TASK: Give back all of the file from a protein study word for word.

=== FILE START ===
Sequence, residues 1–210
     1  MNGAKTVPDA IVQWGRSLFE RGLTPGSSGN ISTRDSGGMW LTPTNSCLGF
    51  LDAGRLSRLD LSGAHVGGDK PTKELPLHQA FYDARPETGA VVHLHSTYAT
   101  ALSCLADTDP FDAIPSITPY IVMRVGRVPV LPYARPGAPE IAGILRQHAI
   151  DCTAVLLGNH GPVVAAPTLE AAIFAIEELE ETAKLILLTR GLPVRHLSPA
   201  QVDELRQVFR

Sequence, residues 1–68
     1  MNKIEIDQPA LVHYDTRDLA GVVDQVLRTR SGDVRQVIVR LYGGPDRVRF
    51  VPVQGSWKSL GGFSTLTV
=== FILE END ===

Sequence, residues 1–210
     1  MNGAKTVPDA IVQWGRSLFE RGLTPGSSGN ISTRDSGGMW LTPTNSCLGF
    51  LDAGRLSRLD LSGAHVGGDK PTKELPLHQA FYDARPETGA VVHLHSTYAT
   101  ALSCLADTDP FDAIPSITPY IVMRVGRVPV LPYARPGAPE IAGILRQHAI
   151  DCTAVLLGNH GPVVAAPTLE AAIFAIEELE ETAKLILLTR GLPVRHLSPA
   201  QVDELRQVFR

Sequence, residues 1–68
     1  MNKIEIDQPA LVHYDTRDLA GVVDQVLRTR SGDVRQVIVR LYGGPDRVRF
    51  VPVQGSWKSL GGFSTLTV